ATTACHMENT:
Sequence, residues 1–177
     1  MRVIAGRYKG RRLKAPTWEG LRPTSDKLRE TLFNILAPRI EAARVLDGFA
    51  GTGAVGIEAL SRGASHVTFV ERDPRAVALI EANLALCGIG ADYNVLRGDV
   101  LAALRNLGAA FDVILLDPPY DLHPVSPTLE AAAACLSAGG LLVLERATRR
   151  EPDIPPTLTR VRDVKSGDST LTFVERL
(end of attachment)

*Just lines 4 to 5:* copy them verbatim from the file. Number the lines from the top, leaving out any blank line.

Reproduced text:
   101  LAALRNLGAA FDVILLDPPY DLHPVSPTLE AAAACLSAGG LLVLERATRR
   151  EPDIPPTLTR VRDVKSGDST LTFVERL